Special projects in the Oriental Institute Archives would not be possible without the assistance of regularly-scheduled volunteers and occasional interns. The many hours donated by our able and dedicated museum archives volunteers enable Archivist John Larson to maintain our range of day-to-day activities at current levels, and we are pleased to be able to take this opportunity to recognize them and to thank them for their valuable contribution. The official roster of Archives volunteers for the fiscal year 1991-1992 includes Carolyn Livingood, Joan Rosenberg, Kay Ginther, Lilian Cropsey, Melanie Petroskey, and Sandra Jacobsohn. In addition to this group who continued in their volunteer roles from previous years, we were fortunate to have the assistance of an undergraduate intern from Lake Forest College, Ms. Sarah E. Lepinski, who worked 150 hours in the Museum Archives from September 1991 to January 1992. With Sarah's help, John was able to continue working on a project to organize the inactive Museum Curatorial files.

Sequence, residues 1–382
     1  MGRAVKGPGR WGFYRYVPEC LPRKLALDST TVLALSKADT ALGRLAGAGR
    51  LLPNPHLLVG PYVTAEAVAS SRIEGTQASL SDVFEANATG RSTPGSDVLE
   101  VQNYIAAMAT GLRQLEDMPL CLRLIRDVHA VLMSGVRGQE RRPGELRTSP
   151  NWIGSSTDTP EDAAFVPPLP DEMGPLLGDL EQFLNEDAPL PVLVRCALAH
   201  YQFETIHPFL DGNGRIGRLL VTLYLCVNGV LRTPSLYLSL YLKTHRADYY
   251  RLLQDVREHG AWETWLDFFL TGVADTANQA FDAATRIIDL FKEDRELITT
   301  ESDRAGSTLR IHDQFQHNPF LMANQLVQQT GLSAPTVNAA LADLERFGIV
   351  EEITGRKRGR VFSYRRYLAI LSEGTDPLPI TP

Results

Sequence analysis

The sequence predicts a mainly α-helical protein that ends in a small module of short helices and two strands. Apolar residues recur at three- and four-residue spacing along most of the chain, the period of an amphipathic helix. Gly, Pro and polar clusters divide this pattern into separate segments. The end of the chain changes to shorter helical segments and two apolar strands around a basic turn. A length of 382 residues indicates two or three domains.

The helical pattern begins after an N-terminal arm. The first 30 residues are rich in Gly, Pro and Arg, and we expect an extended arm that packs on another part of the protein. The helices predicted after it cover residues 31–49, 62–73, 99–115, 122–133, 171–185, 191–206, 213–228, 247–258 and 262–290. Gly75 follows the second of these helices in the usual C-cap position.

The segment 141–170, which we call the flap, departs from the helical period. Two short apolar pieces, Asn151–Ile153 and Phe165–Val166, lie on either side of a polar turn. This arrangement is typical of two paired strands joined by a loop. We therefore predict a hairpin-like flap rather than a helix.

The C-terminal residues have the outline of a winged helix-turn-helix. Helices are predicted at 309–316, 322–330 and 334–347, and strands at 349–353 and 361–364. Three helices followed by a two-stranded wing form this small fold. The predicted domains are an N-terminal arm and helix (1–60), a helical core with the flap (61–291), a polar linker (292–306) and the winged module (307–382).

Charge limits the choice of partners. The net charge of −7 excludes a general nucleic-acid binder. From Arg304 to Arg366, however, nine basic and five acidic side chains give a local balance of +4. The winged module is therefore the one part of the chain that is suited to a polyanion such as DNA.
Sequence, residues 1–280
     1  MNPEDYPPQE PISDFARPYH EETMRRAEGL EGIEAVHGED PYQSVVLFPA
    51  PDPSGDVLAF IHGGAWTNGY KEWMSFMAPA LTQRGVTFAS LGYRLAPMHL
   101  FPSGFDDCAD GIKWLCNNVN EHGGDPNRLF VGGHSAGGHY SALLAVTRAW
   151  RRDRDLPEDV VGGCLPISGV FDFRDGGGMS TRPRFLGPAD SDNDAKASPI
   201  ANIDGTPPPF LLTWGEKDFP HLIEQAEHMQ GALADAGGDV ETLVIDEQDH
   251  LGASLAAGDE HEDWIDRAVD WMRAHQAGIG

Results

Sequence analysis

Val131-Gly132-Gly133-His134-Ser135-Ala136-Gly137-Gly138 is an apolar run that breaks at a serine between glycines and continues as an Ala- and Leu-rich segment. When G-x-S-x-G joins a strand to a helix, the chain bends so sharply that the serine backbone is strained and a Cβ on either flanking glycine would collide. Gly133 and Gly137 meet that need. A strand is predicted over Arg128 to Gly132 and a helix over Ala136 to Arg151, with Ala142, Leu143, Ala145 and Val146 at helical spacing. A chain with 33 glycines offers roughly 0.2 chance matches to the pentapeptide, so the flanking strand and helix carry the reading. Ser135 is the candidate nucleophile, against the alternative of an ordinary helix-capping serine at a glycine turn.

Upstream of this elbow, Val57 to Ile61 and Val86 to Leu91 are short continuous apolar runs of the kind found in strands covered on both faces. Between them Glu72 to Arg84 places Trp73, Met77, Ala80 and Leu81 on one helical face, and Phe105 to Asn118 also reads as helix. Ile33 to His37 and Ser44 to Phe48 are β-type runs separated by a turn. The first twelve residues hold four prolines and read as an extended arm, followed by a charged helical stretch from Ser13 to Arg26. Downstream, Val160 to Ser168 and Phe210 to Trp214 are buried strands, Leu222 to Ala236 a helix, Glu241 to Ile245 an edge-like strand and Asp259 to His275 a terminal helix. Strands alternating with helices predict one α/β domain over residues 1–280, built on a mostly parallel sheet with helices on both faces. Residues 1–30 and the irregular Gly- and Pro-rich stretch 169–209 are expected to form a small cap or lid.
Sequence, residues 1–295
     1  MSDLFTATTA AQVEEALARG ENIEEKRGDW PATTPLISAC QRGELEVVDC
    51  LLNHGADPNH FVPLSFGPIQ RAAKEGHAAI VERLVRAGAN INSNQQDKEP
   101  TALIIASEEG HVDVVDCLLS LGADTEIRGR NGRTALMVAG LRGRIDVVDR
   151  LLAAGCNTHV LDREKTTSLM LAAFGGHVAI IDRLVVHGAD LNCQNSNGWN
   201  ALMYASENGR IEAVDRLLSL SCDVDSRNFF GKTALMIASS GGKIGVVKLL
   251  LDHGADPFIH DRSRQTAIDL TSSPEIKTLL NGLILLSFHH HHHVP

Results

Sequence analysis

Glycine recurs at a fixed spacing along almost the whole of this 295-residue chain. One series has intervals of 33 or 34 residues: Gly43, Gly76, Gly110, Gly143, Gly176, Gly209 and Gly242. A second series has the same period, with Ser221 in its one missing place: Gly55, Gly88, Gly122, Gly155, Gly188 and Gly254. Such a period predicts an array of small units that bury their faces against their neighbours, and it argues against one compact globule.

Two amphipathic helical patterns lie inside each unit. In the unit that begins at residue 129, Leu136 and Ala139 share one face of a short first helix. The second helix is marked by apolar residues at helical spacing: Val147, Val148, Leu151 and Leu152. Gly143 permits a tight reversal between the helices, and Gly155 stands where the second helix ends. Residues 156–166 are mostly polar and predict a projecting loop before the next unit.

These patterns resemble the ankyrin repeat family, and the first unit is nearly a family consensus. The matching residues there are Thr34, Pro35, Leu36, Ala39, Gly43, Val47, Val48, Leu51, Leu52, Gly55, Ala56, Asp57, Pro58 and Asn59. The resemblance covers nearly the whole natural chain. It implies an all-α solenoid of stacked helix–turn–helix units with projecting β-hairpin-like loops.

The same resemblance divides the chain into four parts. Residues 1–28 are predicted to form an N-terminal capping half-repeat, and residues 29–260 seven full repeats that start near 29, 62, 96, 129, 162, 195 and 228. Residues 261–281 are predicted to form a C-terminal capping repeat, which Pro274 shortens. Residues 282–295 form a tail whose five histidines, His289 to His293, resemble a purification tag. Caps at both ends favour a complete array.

As we move into the new year, Museum Office Manager Lisa Snider continues to keep the details of our daily business (from telephones to ledgers to photo orders) running smoothly and cheerfully. Our sights are increasingly focused on the renovation and expansion project, including planning for redesign and reinstallation of the galleries-all of which we will be telling you more about in the next Annual Report.